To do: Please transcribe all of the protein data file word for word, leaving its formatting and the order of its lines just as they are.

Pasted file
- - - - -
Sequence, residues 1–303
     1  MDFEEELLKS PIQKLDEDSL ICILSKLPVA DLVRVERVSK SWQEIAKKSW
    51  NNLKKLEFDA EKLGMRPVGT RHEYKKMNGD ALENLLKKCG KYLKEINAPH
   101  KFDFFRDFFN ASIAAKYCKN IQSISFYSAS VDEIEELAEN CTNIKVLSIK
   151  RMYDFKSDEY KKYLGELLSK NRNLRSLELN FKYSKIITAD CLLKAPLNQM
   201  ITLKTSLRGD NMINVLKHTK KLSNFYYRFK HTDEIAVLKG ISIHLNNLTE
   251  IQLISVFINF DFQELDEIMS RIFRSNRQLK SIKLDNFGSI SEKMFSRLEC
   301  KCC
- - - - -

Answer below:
Sequence, residues 1–303
     1  MDFEEELLKS PIQKLDEDSL ICILSKLPVA DLVRVERVSK SWQEIAKKSW
    51  NNLKKLEFDA EKLGMRPVGT RHEYKKMNGD ALENLLKKCG KYLKEINAPH
   101  KFDFFRDFFN ASIAAKYCKN IQSISFYSAS VDEIEELAEN CTNIKVLSIK
   151  RMYDFKSDEY KKYLGELLSK NRNLRSLELN FKYSKIITAD CLLKAPLNQM
   201  ITLKTSLRGD NMINVLKHTK KLSNFYYRFK HTDEIAVLKG ISIHLNNLTE
   251  IQLISVFINF DFQELDEIMS RIFRSNRQLK SIKLDNFGSI SEKMFSRLEC
   301  KCC